# Reading and Telling Time (A.M. & P.M.)

Learning how to tell time to the nearest 5 and differentiate between a.m. and p.m. is a second grade, Common Core skill: 2.MD.7. Below we show two videos that demonstrate this standard. Then, we provide a breakdown of the specific steps in the videos to help you teach your class.

Prior Learnings

Your students will have learned how to measure objects through non-standard units, like using paperclips to measure a pencil (1.MD.1). They should also be able to compare objects using terms like longer, shorter, longest, and shortest (1.MD.2).

Future Learnings

In the future, understanding how to measure objects with a ruler will help your students expand on and apply the concept elsewhere. Students will be able to make a line plot, measure objects, and place those measurements on the plot (2.MD.9). Your students will also be able to use rulers marked with halves and fourths of an inch (3.MD.3) and apply “linear measurement to measure perimeter and area” (3.MD.5- 8).

Common Core Standard: 2.MD.7 - Tell and write time from analog and digital clocks to the nearest five minutes, using a.m. and p.m.

Students who understand this principle can:

1. Explain the difference between a.m. and p.m., identifying activities appropriate for both.
2. Read or say the time on a digital or analog clock (to the nearest 5).
3. Translate time from an analog clock to a digital clock (& vice-versa), and draw the appropriate hands on an analog clock (to the nearest 5).
4. Write and draw the time to the nearest 5, appropriately placing the hands on an analog clock when verbally told the time.
5. Use appropriate time-language when telling time (e.g. half past, quarter after/past, quarter to, minutes after/past and minutes).

Video 1: How to Tell Time to the Nearest 5

The starts by explaining that to tell time on an analog clock, one needs to know where the hour hand and the minute hand point.

1. The hour hand is the short hand.
2. It shows which hour of the day it is.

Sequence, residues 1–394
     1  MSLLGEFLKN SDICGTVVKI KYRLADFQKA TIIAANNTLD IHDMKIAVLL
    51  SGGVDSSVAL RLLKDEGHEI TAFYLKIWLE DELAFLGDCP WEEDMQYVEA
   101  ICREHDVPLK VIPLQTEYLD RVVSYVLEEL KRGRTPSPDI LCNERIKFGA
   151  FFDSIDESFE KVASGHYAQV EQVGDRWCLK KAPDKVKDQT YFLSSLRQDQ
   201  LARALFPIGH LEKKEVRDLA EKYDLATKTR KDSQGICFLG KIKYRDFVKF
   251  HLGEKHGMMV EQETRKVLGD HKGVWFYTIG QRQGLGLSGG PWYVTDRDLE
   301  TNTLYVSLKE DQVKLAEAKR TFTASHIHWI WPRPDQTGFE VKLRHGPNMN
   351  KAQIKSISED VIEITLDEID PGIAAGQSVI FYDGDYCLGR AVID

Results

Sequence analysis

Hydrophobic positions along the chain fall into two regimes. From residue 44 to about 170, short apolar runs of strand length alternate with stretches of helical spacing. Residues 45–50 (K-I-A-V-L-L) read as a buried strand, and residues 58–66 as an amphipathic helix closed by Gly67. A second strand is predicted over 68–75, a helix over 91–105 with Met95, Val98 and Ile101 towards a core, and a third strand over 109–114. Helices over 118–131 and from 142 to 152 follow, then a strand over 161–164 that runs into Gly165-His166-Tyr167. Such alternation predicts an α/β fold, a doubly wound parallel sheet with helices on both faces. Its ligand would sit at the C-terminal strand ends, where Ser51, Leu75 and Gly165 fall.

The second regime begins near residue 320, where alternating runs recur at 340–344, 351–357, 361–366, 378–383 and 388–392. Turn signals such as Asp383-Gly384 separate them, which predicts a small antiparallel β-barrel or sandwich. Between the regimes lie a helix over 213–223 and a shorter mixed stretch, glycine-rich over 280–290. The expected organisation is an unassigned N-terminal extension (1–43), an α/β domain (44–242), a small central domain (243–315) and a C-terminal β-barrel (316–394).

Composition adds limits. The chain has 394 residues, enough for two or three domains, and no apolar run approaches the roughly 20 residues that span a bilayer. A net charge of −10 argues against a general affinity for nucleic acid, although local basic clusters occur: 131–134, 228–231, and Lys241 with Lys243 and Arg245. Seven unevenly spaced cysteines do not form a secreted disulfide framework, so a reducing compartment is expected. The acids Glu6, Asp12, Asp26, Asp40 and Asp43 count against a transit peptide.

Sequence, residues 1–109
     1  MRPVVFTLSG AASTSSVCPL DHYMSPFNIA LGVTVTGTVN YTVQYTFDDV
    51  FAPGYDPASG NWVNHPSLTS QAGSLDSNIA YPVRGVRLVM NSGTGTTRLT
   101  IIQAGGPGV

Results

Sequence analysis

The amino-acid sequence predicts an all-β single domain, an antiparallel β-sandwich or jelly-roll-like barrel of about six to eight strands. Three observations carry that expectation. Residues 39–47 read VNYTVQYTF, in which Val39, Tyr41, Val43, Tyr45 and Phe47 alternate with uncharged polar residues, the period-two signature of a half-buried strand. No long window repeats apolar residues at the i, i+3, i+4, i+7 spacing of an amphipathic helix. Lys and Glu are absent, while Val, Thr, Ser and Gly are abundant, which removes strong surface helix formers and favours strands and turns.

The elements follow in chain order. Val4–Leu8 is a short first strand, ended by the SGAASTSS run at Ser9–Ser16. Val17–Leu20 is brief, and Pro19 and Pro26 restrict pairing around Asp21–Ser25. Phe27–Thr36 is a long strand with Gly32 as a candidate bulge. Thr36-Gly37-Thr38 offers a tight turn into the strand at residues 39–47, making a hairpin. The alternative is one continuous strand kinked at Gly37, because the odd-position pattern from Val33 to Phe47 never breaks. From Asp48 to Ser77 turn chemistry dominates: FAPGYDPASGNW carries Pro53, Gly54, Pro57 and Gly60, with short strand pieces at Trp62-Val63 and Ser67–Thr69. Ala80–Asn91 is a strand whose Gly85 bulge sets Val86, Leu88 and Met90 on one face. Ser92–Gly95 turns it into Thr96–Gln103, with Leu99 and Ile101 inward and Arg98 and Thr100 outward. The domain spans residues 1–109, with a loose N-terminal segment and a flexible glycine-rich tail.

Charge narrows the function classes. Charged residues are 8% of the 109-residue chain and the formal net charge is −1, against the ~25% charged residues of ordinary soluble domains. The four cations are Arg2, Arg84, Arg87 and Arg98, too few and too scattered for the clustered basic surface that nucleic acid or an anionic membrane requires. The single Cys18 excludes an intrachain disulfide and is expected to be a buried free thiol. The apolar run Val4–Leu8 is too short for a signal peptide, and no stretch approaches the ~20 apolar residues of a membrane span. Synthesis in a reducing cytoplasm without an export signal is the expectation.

The video then has students identify which hour the hand points at:

1. The hour hand points at the number 1.
2. So it is 1 o’clock.
3. The hour hand moves to 5, so it is 5 o’clock.

Then the video discusses the minute hand.

1. The minute hand is the long hand.
2. There are 60 minutes in an hour.
3. Each large number on the clock is a group of 5 minutes.
4. Skip counting by 5 can show how many minutes past the hour it is.

The video then has students practice skip counting:

1. The minute hand points to 4.
2. The 4 equals 20 minutes past the hour.

Next, the video combines the hour and the minute hand, showing students how to read both together.

1. The hour hand points after 9.
2. The minute hand points at 6.
3. Skip counting by 5 reveals that 6 is 30 minutes.
4. So the time is 9:30.

The video then discusses digital clocks, which are much easier to read.

1. The first 2 digits indicate the hour.
2. Then there is a colon (:).
3. The second 2 digits indicate the minutes.
4. The 24 hour day is divided into halves.
a. If it’s before noon, we say a.m.
b. If it’s after noon, we say p.m.

Video 2: Reading Time and Determining AM and PM

The video begins by reviewing how to tell time, using a digital and analog clock.

1. To read a digital clock, simply read the two numbers separated by the colon (:).
2. The example clock reads 8:30 –eight thirty.
3. If a digital clock reads 8:00, we say eight o’clock (not eight zero zero).

Boddle then offers some practice problems for students to match times to the correct digital clock.

1. 3:05 = Three o’five
2. 11:45 = Eleven forty-five
3. 5:20 = Five twenty
4. 9:15 = Nine fifteen

Next, Boddle reviews how to tell time using an analog clock.

1. analog clocks have two hands.
2. The hour hand is the short one, and the minute hand is the long one.
3. If the minute hand points at 12, it means zero minutes or o’clock.
4. Each little line means 1 minute.
5. The numbers that represent hours are spaced every 5 minutes.
6. So if the minute hand points to 4, it’s the same as 5 minutes 4 times (20 mins).
7. If the hour hand is not pointing at a number, use the number it’s just passed.

Boddle then offers practice problems for students to match the correct time to the analog clock. Boddle explains her reasoning based on the positions of the hour and minute hands.

1. The first clock reads 6:10.
2. The second clock reads 1:25.
3. The third clock reads 12:00.
4. The fourth clock reads 4:30.

After, Boddle discusses how to distinguish between AM and PM. A whole day is 24 hours, but the clock only goes till 12. After 12, it returns to 1. Meaning that 1 day equals 2 clock rotations.

8:00 can be in the morning or in the evening, so how can we differentiate? This is where AM and PM come in.

1. AM = Anytime after midnight but before noon.
2. PM = Anytime after noon but before midnight.

Boddle then provides examples for students to check their understanding.

1. Tina wakes up in the morning and looks at her clock.
a. What time is it?
b. The clock reads 7:30, and since it’s morning, it’s 7:30 a.m.
2. Daryl finishes school in the afternoon.
a. He looks at his digital watch.
b. The clock reads 3:50, and since it’s afternoon, it’s 3:50 p.m.

Boddle then congratulates the students on a job well done!

Want more practice?